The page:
Case summary An 8-year-old neutered male indoor cat was presented for evaluation of a year-long history of swelling over the bridge of the nose that extended from the subcutaneous tissue of the right upper eyelid to the dorsum of the skull. Intermittent regression of the mass lesion was reported with antibiotic or corticosteroid therapy; however, progressive swelling, malaise and hiding behavior persisted. CT revealed an aggressive osteolytic mass lesion in the right and left nasal cavities and extending into the frontal sinuses. Rhinoscopy using a 2.8 mm rigid telescope revealed somewhat normal-appearing turbinates rostrally and ventrally on the left side, with turbinate destruction on the right. After obtaining a biopsy from the right side of the nasal cavity, thick material filling the entire nasal cavity was visible caudally and was extracted endoscopically from a rostral approach. Surgical biopsy of the dorsal nasal bridge resulted in protrusion of inspissated material from the incision site. Rhinoscopic exploration revealed that the material extended into both frontal sinuses. Following extensive debridement and medical therapy, marked resolution of facial asymmetry was achieved.
Relevance and novel information Facial distortion is often considered suggestive of a neoplastic process; however, it can also be seen with fungal and mycobacterial infections, and, in this case, an inflammatory condition of unknown etiology. In this cat, aggressive intervention and debridement of necrotic debris resulted in substantial bony remodeling of the skull and return to normal activity levels.
Facial distortion and bony asymmetry in the cat are often related to a neoplastic process, with carcinoma, lymphoma and sarcoma reported most commonly.1 Fungal infections are also known to result in bony remodeling centered around the nasal cavity (cryptococcosis) or the oral cavity (aspergillosis), and other fungi such as Sporothrix species and systemic mycoses can result in facial deformity.2–4 Finally, atypical bacteria and mycobacterium can be involved in proliferative soft tissue and bony lesions in the cat.5,6
In most cases, identification of the underlying etiology of facial deformity can be achieved with blood tests, advanced imaging, aspiration cytology and microbiology, or wedge biopsy; however, some cases elude ready identification of the cause. Inflammation in the nasal cavity and frontal sinuses is sometimes related to an identifiable cause such as a foreign body or tooth root disease; however, chronic rhinosinusitis, the most common disorder affecting the upper respiratory tract of cats,7 is a particularly challenging disease process that has evaded adequate description of the etiopathogenesis of disease. Multiple studies using invasive and molecular diagnostic testing have failed to identify a treatable condition, which interferes with effective therapeutic intervention. This case illustrates the utility of repeat diagnostic imaging and intervention to investigate and resolve facial deformity associated with an inflammatory condition of unknown etiology.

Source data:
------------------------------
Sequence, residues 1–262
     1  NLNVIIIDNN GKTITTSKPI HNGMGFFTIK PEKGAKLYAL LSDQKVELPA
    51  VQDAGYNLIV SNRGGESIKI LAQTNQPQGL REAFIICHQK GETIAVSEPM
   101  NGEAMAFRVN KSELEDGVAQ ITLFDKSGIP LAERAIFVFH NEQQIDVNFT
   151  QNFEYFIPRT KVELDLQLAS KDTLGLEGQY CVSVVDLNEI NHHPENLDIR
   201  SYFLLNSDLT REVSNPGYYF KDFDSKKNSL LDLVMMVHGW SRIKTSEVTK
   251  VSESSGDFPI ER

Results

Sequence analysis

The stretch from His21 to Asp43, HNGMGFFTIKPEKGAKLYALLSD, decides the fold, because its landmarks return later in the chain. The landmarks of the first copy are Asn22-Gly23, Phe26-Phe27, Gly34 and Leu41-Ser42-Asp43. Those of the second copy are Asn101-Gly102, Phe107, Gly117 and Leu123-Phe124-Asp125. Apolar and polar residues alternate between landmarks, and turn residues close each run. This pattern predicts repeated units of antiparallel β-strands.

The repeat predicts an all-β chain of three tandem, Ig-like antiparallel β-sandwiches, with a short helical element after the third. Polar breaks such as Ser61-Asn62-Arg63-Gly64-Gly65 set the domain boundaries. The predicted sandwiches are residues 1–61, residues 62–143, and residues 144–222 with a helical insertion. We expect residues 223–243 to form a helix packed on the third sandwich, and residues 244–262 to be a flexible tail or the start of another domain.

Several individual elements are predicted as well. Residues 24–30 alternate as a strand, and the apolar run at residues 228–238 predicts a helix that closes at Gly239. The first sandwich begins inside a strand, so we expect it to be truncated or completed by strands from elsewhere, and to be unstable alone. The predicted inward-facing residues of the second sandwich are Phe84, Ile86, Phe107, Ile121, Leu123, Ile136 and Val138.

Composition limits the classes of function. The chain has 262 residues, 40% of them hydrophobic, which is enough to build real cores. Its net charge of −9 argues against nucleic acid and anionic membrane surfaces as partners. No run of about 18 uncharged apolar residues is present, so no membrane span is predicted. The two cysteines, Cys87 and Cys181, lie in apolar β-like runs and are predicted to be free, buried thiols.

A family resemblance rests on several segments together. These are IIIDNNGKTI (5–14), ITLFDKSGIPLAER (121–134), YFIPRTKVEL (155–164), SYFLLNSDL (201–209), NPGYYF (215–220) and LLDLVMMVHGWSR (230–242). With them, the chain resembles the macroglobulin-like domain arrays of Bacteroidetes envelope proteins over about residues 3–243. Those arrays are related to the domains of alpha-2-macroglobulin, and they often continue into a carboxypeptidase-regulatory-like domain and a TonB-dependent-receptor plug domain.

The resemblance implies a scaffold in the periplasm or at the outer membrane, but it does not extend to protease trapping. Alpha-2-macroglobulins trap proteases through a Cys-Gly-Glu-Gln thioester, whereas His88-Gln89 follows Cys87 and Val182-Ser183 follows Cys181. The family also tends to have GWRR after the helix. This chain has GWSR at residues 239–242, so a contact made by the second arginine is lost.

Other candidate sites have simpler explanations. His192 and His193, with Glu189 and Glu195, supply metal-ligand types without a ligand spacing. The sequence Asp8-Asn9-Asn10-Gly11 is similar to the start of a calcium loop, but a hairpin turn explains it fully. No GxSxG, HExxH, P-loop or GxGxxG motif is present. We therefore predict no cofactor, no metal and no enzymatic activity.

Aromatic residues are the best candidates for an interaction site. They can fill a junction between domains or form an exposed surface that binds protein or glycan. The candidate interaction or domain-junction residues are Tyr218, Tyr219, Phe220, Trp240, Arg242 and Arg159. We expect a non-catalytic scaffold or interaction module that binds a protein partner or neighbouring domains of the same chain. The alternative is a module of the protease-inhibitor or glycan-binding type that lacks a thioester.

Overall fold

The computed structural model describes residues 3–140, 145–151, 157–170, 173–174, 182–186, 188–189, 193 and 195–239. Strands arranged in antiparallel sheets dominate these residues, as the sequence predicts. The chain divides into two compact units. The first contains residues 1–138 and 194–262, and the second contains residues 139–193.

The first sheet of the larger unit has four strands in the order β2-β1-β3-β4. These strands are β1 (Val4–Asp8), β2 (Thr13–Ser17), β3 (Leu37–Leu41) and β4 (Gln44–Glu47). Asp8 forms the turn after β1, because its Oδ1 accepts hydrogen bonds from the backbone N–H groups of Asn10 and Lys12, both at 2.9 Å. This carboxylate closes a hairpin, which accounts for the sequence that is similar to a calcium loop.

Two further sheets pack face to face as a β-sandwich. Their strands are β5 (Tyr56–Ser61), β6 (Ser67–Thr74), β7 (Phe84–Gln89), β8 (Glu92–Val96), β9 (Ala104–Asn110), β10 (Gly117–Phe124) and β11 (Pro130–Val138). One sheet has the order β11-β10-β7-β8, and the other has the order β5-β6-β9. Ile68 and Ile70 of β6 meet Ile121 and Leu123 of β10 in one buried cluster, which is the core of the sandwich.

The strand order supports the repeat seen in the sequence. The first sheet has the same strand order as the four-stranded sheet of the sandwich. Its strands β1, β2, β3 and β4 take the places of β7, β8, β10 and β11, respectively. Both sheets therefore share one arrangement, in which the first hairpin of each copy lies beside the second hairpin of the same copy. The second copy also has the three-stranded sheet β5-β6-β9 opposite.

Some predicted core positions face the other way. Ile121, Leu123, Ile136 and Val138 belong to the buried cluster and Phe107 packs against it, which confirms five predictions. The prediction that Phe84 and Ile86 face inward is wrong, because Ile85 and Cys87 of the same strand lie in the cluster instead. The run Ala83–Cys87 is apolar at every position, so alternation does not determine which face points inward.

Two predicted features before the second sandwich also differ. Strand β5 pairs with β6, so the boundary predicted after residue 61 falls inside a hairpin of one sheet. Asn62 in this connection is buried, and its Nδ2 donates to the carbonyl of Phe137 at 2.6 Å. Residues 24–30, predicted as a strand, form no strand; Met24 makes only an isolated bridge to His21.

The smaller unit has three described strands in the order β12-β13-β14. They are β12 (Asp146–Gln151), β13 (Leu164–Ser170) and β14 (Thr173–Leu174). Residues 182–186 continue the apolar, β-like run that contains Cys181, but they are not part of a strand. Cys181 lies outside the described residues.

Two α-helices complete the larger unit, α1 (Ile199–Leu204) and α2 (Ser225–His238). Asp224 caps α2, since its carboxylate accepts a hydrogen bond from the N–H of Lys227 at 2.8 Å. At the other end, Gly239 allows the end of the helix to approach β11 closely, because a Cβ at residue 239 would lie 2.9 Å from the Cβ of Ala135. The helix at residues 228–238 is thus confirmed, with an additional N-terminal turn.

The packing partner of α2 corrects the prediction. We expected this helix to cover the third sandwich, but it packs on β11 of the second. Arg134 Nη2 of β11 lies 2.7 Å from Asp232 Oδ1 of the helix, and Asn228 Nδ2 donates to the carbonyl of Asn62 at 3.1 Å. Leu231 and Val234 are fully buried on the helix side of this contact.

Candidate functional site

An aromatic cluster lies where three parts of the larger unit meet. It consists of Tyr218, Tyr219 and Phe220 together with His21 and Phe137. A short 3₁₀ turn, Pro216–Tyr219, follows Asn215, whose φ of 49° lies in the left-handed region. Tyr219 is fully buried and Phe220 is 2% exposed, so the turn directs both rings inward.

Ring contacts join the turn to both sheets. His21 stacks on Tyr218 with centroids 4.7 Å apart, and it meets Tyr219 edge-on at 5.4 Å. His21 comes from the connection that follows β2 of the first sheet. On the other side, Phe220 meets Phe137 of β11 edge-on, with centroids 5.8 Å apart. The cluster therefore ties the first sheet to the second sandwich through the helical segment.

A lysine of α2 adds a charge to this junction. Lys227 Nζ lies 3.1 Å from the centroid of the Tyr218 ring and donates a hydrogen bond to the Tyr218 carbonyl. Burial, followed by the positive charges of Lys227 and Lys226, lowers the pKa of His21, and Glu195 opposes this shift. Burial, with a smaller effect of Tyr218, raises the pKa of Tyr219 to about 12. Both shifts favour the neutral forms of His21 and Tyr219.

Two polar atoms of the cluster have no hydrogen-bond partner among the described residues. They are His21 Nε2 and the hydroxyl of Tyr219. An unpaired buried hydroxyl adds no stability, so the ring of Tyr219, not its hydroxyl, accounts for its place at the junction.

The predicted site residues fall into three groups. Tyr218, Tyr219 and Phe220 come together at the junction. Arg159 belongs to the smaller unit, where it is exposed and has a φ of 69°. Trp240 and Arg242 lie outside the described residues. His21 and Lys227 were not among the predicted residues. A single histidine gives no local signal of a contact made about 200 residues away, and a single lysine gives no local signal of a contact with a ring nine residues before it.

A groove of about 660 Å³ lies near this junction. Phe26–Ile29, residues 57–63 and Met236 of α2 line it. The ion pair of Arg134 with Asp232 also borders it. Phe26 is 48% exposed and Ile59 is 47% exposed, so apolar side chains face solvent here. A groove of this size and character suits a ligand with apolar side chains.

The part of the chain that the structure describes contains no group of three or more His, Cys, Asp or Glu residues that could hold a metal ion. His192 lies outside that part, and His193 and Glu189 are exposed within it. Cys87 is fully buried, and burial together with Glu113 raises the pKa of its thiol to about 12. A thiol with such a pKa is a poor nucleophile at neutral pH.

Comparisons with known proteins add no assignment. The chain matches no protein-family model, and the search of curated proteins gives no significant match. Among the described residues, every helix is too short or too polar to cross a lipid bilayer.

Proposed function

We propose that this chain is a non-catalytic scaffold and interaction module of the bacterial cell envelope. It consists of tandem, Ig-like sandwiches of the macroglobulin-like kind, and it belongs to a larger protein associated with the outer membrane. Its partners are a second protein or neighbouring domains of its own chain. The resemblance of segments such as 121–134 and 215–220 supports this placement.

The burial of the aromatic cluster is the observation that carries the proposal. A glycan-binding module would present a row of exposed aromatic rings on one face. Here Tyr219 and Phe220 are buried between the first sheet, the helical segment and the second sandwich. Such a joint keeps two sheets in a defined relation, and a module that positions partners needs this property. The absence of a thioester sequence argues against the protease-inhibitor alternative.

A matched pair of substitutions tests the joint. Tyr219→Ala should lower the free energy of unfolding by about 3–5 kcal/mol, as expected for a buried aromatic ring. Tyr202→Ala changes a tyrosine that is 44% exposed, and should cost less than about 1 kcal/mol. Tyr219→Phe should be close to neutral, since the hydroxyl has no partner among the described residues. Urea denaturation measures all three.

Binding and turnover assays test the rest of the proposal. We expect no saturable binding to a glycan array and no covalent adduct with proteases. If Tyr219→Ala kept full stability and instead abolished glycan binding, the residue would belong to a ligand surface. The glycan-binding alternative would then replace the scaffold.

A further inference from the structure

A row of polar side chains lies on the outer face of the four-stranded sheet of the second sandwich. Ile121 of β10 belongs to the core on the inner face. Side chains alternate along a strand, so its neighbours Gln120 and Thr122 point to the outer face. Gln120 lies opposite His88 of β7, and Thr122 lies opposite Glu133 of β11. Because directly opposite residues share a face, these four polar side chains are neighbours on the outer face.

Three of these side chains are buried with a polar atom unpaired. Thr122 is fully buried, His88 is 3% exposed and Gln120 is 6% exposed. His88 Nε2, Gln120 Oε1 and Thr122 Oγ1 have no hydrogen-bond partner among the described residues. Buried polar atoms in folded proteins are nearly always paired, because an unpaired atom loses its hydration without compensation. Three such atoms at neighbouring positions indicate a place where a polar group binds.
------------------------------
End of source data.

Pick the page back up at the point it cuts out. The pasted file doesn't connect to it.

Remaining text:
An 8-year-old indoor, neutered male domestic shorthair cat was presented to the William R Pritchard Veterinary Medical Teaching Hospital at the University of California, Davis, for evaluation of a non-painful, generalized expansion of the nasal bridge that was first noted 1 year previously. Initially, the owners observed subcutaneous tissue swelling of the right eyelid resulting in epiphora, and this swelling gradually expanded across the nasal bridge. They reported good appetite but general malaise and increased hiding behavior over the course of the year. Past history was unremarkable except for chronic sneezing that was managed with 1 mg chlorpheniramine each evening.
During the year prior to presentation, the cat had seen multiple veterinarians, including board-certified internists, ophthalmologists and oncologists. A complete blood count (CBC), chemistry panel and urinalysis were normal, cryptococcal antigen titer was negative and thoracic radiographs demonstrated a moderate bronchial pattern with focal alveolar infiltrates consistent with mucus plugging. Fine-needle aspiration cytology of the eyelid mass and several biopsy samples of the region across the nasal bridge 9–10 months prior to referral revealed marked histiocytic and mild neutrophilic and lymphocytic inflammation suggestive of an inflammatory nodule. The swelling partially regressed intermittently with combinations of oral antibiotics (marbofloxacin, doxycycline, azithromycin), intralesional steroid injections, and oral or ophthalmic corticosteroids.